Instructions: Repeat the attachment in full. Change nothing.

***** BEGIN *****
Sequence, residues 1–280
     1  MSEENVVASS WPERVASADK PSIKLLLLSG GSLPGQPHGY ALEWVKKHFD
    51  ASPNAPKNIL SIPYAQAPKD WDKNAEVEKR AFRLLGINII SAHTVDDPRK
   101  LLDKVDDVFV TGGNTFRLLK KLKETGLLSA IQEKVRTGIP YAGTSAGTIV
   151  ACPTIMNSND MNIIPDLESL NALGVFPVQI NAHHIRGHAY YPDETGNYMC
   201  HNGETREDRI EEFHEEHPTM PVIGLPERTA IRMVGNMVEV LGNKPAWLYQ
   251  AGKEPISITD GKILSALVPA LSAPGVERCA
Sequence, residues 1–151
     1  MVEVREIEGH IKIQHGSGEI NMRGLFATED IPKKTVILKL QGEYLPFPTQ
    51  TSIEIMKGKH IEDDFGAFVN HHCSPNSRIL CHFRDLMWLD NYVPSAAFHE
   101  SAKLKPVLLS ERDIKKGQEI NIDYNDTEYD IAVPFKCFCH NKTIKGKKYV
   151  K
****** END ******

Sequence, residues 1–280
     1  MSEENVVASS WPERVASADK PSIKLLLLSG GSLPGQPHGY ALEWVKKHFD
    51  ASPNAPKNIL SIPYAQAPKD WDKNAEVEKR AFRLLGINII SAHTVDDPRK
   101  LLDKVDDVFV TGGNTFRLLK KLKETGLLSA IQEKVRTGIP YAGTSAGTIV
   151  ACPTIMNSND MNIIPDLESL NALGVFPVQI NAHHIRGHAY YPDETGNYMC
   201  HNGETREDRI EEFHEEHPTM PVIGLPERTA IRMVGNMVEV LGNKPAWLYQ
   251  AGKEPISITD GKILSALVPA LSAPGVERCA
Sequence, residues 1–151
     1  MVEVREIEGH IKIQHGSGEI NMRGLFATED IPKKTVILKL QGEYLPFPTQ
    51  TSIEIMKGKH IEDDFGAFVN HHCSPNSRIL CHFRDLMWLD NYVPSAAFHE
   101  SAKLKPVLLS ERDIKKGQEI NIDYNDTEYD IAVPFKCFCH NKTIKGKKYV
   151  K